Mobile health, or mHealth for short, uses mobile technologies for health research and healthcare delivery. At last November's annual mHealth Summit, held at the Walter E. Washington Convention Center in Washington, D.C., Francis S. Collins, M.D., Ph.D., Director of the National Institutes of Health, talked with NIH MedlinePlus magazine about the impact of cell phone technologies on global health.
What does the explosion in cell phones mean to people's better health?
The marriage of mobile technologies and applications is a growing opportunity. NIH grants for mobile phone related research have been rising rapidly, thanks to the American Reinvestment and Recovery Act (ARRA). There were about 150 awards in 2010, and we expect these numbers to grow. Most of NIH's 27 institutes and centers have significant investments in this area; some more than others, but all moving quite rapidly.
Where are the largest investments in the new technologies?
The largest are in mobile phone and "tele-health." The National Library of Medicine has been a prime mover in getting adequate, well-validated health information in front of the public through their various Web sites and information resources, such as Medline and MedlinePlus. Last year, NLM launched a mobile format, called Mobile MedlinePlus, in English and Spanish. (Go to http://m.medlineplus.gov.)
What does Mobile MedlinePlus offer the public?
Users have instant access to summaries of over 800 diseases, conditions, and wellness issues; a full medical encyclopedia; lots of diagrams, images, and pictures; drug information; news stories; a medical dictionary; and a powerful search engine. It is a mobile optimized Web site, accessible from any platform, including basic flip phones, iPhones, and Androids. That's just one of the concrete ways we are trying to bring medical information to the public.
What else is in the pipeline?
One of the more interesting gadgets is a wearable chemical sensor system to assess, in real time, a person's exposure to potentially health-threatening levels of hydrocarbon and acid vapors during emergencies. The sensor's readings can be transmitted through a cell phone connection to a receiving laboratory for immediate analysis. The system is also useful in wide-scale environmental disasters. During the Gulf oil spill, for example, researchers used the sensor to successfully track and measure levels of leaking oil at varying depths over significant distances.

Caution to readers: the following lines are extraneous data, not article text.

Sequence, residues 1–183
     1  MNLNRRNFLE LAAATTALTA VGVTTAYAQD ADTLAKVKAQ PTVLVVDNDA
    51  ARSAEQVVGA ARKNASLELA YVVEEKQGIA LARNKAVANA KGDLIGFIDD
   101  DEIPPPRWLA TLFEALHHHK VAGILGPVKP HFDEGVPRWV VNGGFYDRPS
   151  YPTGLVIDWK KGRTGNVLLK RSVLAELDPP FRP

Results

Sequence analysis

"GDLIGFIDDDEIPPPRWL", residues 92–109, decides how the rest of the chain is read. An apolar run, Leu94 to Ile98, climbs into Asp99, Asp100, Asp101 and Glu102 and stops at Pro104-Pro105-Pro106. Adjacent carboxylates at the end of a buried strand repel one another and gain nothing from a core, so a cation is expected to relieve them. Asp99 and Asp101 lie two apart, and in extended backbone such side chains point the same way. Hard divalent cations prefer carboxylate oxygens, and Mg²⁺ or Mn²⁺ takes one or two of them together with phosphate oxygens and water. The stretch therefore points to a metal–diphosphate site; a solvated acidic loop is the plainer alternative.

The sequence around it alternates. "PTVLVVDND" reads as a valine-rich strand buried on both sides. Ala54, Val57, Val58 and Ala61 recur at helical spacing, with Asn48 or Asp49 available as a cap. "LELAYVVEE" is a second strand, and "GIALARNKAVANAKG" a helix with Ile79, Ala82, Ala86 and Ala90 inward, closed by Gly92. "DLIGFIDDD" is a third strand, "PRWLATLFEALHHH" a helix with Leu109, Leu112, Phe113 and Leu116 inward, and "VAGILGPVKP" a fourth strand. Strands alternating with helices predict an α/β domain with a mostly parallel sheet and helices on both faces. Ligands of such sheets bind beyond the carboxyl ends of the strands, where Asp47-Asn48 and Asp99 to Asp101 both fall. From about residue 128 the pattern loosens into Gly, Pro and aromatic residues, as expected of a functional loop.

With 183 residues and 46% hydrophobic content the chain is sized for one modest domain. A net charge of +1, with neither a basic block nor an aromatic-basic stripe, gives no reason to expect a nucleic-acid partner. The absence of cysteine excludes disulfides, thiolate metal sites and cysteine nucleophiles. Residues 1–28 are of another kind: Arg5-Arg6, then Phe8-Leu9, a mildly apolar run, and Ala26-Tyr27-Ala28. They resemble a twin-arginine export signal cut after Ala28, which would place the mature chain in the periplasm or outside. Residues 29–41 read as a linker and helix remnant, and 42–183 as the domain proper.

How about something someone can use at home?
There is a novel one in the works, a small lapel button that combines a tiny video camera, microphone, GPS connection, and accelerometer to assess the health consequences of diet and exercise. It transmits by cell phone a person's actual dietary and physical activity to a dietician for evaluation. Rather than people reporting what they wished they had done, the system objectively records what they actually did eat, how many miles they really did walk.
"Many opportunities to improve health very much depend upon cell phone technologies, since cell phones are so rapidly expanding in many parts of the world that otherwise don't have much access to communication."
— NIH Director Dr. Francis Collins
Do you believe these new technologies can help to control the global threat from new and old diseases?
Global health is one of the five themes that I've identified as particularly important for investment. Many opportunities to improve health very much depend upon cell phone technologies, since cell phones are so rapidly expanding in many parts of the world that otherwise don't have much access to communication.
Is there a specific you can point to?
Yes, a microscope not much bigger than a quarter that doesn't require a lens and can be connected to a cell phone to transmit high quality images of cells—information that would normally be very hard to acquire. It comes from UCLA and is being tested for its application to assess infectious disease—HIV in this case. It transmits images to a remote computer that can automatically interpret them. It's highly valuable in following the course of infected individuals who are far from the nearest medical center.
Another, also about HIV monitoring, is basicrly a pill holder that sends a signal every time it is opened. A lapse in opening the box undoubtedly means there's been a lapse in taking the pills. Since the data are submitted to a clinic, efforts can then be made to contact the patient, or the health worker, to make sure treatment gets back on track.
What are your immediate plans for expanding health information by cell phone?
We recognize there is great growing interest in the field. But, especially for early-stage investigators, there may not be an easy way to be mentored and trained by experts. So, this coming summer, NIH will be running an institute on mobile technology for 25 junior investigators. It will run for five days, cover all aspects of the emerging discipline, and be managed by the NIH office of Behavioral and Social Science Research, with a variety of other partners.